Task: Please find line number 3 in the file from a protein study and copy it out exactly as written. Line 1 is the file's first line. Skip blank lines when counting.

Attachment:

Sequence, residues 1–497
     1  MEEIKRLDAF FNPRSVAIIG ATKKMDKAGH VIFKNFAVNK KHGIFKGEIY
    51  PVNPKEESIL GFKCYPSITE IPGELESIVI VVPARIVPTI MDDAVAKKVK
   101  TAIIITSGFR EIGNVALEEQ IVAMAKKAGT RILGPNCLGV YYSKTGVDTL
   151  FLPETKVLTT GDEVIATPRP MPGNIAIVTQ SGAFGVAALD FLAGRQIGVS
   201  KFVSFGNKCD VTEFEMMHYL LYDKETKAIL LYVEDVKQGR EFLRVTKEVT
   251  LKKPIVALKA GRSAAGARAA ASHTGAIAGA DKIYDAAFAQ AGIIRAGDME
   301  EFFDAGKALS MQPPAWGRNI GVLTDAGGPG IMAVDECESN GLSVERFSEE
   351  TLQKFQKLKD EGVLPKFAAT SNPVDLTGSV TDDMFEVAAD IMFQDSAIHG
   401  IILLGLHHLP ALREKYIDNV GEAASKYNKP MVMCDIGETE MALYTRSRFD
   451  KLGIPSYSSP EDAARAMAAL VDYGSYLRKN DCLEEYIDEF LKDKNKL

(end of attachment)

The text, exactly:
    51  PVNPKEESIL GFKCYPSITE IPGELESIVI VVPARIVPTI MDDAVAKKVK